With Azerbaijani President Ilham Aliyev’s visit to Sarajevo, Bosnia-Herzegovina, on April 13, Azerbaijan gained one more strategic partner in Europe, Report informs referring to an article posted on The Jamestown Foundation website.
Azerbaijani-Bosnian relations have intensified in recent years: Azerbaijan sent humanitarian aid to Bosnia during the pandemic and elevated its diplomatic mission in Sarajevo to an embassy in 2021.
“Russia’s war against Ukraine has significantly upended Europe’s security architecture and increased the relevancy of alternative energy supply and transport routes between Asia and Europe. Thus, while Azerbaijan is not able to fully substitute for Russia at the pan-European level in terms of gas supply, it does and can play a crucial role in this regard for individual states, both in the European Union and in the EU’s direct neighborhood, by reducing dependence on Russian gas,” reads the article.
As the EU is interested in providing and maintaining stability and security on the continent, it attaches great importance to Azerbaijan’s involvement in the Balkans (and Italy). This importance was re-affirmed in October 2022 by the historic visit to Baku of European Commission President Ursula von der Leyen.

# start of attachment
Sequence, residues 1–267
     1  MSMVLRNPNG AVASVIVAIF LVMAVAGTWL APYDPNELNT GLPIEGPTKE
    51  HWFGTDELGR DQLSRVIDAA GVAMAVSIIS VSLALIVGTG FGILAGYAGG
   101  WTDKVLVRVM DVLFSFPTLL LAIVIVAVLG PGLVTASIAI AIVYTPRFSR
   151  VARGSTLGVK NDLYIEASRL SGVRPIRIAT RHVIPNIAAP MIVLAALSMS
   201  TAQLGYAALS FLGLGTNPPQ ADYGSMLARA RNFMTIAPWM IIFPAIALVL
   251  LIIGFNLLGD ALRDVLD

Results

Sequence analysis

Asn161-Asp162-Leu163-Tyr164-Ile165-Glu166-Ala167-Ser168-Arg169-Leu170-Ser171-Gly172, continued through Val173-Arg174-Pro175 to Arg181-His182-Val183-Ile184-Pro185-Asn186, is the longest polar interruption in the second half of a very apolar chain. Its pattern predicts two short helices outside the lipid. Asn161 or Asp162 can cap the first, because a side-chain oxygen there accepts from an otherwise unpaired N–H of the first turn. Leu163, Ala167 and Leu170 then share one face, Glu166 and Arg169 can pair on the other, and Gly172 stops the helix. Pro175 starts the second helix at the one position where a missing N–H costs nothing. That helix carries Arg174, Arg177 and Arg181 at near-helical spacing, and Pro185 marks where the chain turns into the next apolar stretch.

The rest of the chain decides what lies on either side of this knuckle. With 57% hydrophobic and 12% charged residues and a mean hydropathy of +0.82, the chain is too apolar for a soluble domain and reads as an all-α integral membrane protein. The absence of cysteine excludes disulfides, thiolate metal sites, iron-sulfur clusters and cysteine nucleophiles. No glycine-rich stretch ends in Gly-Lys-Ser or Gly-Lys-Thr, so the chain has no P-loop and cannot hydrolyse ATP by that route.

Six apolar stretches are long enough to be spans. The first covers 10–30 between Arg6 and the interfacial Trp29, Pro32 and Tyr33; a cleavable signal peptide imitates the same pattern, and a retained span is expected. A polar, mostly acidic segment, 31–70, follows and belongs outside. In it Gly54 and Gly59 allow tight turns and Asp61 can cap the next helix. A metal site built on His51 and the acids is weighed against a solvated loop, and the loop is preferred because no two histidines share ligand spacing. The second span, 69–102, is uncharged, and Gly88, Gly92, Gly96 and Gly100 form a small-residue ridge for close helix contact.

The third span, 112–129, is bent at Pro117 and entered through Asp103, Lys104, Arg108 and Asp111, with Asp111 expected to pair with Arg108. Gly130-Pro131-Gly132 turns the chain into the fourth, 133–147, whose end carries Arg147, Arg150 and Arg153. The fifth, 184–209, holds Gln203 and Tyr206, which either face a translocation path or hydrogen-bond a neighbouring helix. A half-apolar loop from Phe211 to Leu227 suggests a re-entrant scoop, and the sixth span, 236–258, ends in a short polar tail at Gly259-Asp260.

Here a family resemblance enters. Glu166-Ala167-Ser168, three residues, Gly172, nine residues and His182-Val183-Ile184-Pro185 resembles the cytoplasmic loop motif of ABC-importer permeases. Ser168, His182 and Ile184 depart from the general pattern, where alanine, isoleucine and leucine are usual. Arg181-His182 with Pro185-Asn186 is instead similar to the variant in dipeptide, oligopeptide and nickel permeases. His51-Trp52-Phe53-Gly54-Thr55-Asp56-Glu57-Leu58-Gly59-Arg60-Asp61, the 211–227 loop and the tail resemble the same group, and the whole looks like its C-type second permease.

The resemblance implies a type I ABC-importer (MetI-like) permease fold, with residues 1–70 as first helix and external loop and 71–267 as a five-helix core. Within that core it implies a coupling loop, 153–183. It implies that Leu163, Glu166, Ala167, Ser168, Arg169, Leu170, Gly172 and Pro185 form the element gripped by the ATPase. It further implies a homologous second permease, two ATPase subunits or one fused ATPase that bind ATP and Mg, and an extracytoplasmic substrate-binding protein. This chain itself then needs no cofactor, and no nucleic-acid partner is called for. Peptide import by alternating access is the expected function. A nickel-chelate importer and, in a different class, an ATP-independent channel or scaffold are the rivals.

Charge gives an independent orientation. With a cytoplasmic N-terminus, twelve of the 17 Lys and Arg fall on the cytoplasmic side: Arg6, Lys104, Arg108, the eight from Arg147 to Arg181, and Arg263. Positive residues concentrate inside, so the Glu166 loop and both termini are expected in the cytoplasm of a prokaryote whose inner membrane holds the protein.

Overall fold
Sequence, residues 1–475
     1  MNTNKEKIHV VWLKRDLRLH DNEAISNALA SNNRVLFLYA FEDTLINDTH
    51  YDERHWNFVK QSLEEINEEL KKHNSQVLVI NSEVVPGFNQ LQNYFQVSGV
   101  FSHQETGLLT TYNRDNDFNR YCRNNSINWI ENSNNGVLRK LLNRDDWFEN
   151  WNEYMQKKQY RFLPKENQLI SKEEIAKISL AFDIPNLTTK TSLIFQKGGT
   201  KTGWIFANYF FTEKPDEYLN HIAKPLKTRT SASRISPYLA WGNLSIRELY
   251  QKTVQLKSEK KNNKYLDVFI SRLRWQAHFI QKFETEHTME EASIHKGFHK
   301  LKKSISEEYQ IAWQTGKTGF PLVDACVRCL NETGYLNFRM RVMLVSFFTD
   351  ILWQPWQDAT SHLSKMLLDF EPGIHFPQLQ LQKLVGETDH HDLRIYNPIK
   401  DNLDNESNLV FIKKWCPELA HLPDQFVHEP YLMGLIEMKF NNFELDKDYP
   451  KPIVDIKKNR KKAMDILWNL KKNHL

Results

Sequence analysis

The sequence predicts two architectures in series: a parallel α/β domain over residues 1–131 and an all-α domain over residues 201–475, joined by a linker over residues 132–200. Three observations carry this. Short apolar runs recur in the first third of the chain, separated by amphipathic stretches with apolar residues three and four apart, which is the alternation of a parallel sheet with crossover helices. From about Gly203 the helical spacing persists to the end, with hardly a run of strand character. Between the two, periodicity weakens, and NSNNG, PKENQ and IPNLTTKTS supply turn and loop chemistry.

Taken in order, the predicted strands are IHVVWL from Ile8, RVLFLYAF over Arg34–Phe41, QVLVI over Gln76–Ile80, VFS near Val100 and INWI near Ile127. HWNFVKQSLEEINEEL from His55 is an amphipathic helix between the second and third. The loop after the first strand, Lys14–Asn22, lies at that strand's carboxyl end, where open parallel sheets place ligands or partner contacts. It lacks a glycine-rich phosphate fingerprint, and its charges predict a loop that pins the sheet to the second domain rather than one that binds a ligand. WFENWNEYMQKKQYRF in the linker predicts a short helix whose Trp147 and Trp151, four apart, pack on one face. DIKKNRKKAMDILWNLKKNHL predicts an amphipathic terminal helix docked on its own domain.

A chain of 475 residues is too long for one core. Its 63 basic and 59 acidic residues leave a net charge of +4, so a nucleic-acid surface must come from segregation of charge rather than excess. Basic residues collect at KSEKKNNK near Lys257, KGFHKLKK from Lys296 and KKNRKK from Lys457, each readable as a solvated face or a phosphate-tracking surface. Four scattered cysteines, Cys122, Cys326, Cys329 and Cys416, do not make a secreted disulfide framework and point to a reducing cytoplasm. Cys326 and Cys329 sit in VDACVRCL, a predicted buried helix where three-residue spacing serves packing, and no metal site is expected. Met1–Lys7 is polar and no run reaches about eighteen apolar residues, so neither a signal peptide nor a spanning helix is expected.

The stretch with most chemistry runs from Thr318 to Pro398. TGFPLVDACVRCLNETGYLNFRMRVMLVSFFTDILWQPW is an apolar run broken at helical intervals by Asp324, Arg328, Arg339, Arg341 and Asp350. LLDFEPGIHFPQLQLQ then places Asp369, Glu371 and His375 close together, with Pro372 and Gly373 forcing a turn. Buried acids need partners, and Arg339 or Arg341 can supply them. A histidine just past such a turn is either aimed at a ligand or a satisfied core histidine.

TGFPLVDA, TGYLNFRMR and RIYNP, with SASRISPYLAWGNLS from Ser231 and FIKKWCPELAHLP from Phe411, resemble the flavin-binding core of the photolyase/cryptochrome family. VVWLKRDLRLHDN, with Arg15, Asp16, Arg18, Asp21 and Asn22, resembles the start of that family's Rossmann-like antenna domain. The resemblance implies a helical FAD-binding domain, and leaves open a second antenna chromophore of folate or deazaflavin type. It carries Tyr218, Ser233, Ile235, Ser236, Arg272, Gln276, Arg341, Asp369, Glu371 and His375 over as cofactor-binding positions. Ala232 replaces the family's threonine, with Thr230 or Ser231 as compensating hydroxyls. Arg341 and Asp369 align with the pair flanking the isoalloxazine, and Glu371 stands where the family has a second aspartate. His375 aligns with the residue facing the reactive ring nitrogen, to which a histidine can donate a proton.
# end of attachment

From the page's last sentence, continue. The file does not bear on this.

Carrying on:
At present, Azerbaijan is working quite closely with Bulgaria and Greece in the Balkans: At the end of 2022, it was announced that the Trans Adriatic Pipeline (TAP) had safely transported over 18 billion cubic meters (bcm) of natural gas to Greece, Bulgaria and Italy since the start of commercial operations in 2020.
Bulgaria, which has a contract for 1 bcm of Azerbaijani gas, or one-third of the country’s annual needs, wants to increase that volume by up to 1 bcm more per year following the suspension of Russian gas flows to the country.
However, this is only scratching the surface as there is a huge potential for other projects, including the construction of the Gas Interconnector Romania-Serbia, which could also reduce regional dependence on Russia with the help of Azerbaijani gas.
On several occasions, North Macedonia has expressed its interest in importing gas from Azerbaijani; however, this is largely dependent on the completion of the Greece–North Macedonia interconnector. Moreover, the Ionian Adriatic Pipeline (IAP), which is currently under construction, will have the capability to transport Azerbaijani gas from Albania to Croatia via Montenegro and Bosnia-Herzegovina before delivering it to Central Europe, provided the necessary financial and political support is established.
Thus, amid the current geopolitical developments in Eurasia, Azerbaijan has a historic chance to extend its influence in the Caucasus and Caspian Sea region both eastward (Central Asia) and westward (Balkans). Increased energy supply to Europe and further development of critical connectivity projects (Middle Corridor) will only serve to elevate Baku’s aspirations and opportunities.